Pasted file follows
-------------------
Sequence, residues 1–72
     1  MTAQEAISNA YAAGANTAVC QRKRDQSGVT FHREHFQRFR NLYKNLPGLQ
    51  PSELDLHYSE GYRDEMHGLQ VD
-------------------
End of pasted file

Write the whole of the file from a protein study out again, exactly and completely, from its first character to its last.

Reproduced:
Sequence, residues 1–72
     1  MTAQEAISNA YAAGANTAVC QRKRDQSGVT FHREHFQRFR NLYKNLPGLQ
    51  PSELDLHYSE GYRDEMHGLQ VD